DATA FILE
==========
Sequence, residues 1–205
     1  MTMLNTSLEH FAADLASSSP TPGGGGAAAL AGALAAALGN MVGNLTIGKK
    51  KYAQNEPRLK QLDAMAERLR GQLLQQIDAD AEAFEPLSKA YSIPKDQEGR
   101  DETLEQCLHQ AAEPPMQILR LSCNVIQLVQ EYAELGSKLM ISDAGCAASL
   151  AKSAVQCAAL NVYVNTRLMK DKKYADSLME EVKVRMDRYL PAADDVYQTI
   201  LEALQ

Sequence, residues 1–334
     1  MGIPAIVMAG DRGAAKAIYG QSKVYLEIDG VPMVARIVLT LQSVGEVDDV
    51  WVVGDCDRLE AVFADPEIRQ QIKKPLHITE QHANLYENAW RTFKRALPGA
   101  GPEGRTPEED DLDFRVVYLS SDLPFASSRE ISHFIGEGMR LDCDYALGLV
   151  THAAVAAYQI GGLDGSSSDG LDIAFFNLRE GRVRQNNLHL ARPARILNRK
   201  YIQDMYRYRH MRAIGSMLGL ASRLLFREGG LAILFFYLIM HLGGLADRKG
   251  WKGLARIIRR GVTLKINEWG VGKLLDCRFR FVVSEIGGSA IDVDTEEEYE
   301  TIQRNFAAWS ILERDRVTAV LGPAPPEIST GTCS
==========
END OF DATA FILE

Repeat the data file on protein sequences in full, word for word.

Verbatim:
Sequence, residues 1–205
     1  MTMLNTSLEH FAADLASSSP TPGGGGAAAL AGALAAALGN MVGNLTIGKK
    51  KYAQNEPRLK QLDAMAERLR GQLLQQIDAD AEAFEPLSKA YSIPKDQEGR
   101  DETLEQCLHQ AAEPPMQILR LSCNVIQLVQ EYAELGSKLM ISDAGCAASL
   151  AKSAVQCAAL NVYVNTRLMK DKKYADSLME EVKVRMDRYL PAADDVYQTI
   201  LEALQ

Sequence, residues 1–334
     1  MGIPAIVMAG DRGAAKAIYG QSKVYLEIDG VPMVARIVLT LQSVGEVDDV
    51  WVVGDCDRLE AVFADPEIRQ QIKKPLHITE QHANLYENAW RTFKRALPGA
   101  GPEGRTPEED DLDFRVVYLS SDLPFASSRE ISHFIGEGMR LDCDYALGLV
   151  THAAVAAYQI GGLDGSSSDG LDIAFFNLRE GRVRQNNLHL ARPARILNRK
   201  YIQDMYRYRH MRAIGSMLGL ASRLLFREGG LAILFFYLIM HLGGLADRKG
   251  WKGLARIIRR GVTLKINEWG VGKLLDCRFR FVVSEIGGSA IDVDTEEEYE
   301  TIQRNFAAWS ILERDRVTAV LGPAPPEIST GTCS